Another strategy, the college- and career-ready Common Core State Standards, has run into political opposition and uneven implementation from state to state. This year, fewer than two dozen states are administering Common Core–aligned exams to high-school students, nine fewer than two years earlier.
Other efforts to make high-school graduation requirements more rigorous are running into trouble as well, now that they are about to make headlines for real students. In Ohio, for example, a projected one in three high-school juniors is expected to fall short of new graduation requirements that take effect in May 2018 and require that they earn passing scores on seven new end-of-course exams. State officials are debating ways to allow students to graduate anyway, such as considering attendance records or substituting community service and capstone project requirements for test results.
Meanwhile, a growing share of high-school graduates have sought college degrees in recent decades, with much of that growth at community colleges, where enrollment peaked at 7.9 million in 2010. This change occurred as the achievement gap in K–12 persisted, fueled by continued racial and economic segregation, with fewer resources going to schools with substantial minority populations, said Kahlenberg of the Century Foundation. Community-college students are far more likely than their counterparts at four-year schools to be Hispanic or black and from a low-income household.
“The trend of college-going continued to rise—especially of low-income, minority students—but on the whole, there haven’t been dramatic changes in the K–12 system to accommodate these changes,” said Edgecombe.
Non-Traditional Students, Unique Needs
Many students have another problem: fuzzy academic skills, thanks to years lapsed between high school and college. The average age for community college students is 29, and nearly half are age 25 or older. Most have been out of high school for some time and face myriad challenges when it comes to succeeding in college—including being savvy about the importance of college-placement tests.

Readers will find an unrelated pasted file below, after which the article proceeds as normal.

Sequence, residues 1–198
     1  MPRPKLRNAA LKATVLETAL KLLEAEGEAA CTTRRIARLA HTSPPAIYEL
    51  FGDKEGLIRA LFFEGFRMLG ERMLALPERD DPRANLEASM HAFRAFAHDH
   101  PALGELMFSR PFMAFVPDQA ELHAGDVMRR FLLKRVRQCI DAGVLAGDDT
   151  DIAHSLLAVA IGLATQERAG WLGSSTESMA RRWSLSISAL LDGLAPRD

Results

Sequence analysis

Consider Hope Newman-Heck. Now 34, the mother of two dropped out of high school long ago. Several years later, she was living in Queens, New York, and working at a Hale and Hearty Soups restaurant. She decided to study for a GED-style diploma when she found herself unable to help her son with his 5th-grade English homework. With the help of a local nonprofit organization, she got her diploma in 2014.
To her surprise, she said, “People there said, ‘You don’t need to stop here … This is a doorway to other opportunities.’” That gave her the idea that earning a high-enough score on her high-school diploma equivalency exam was all she needed to get into college. The program staff “didn’t even mention remedial courses.”
She decided to enroll at SUNY Adirondack community college soon after earning her diploma because it fit the practicalities of a parent: she knew the area, and the school offered a good childcare program for her young daughter. When she talked with an adviser at the school, the conversation covered subjects like the required number of credits, financial aid, and “a test to see where you’re at,” she recalled. The school’s website counsels that the tests will place students in the classes where they will have “the greatest opportunity to succeed,” and that “the level of first-semester courses can greatly affect the amount of time required to graduate as well as the total cost of your education.”
But Newman-Heck did not grasp the sweeping consequences of the required ACCUPLACER test—that “you have to score a certain amount of points to get to take classes,” she said. “They also don’t tell you your Pell Grant money will go to pay for remedial classes that don’t count against your diploma.”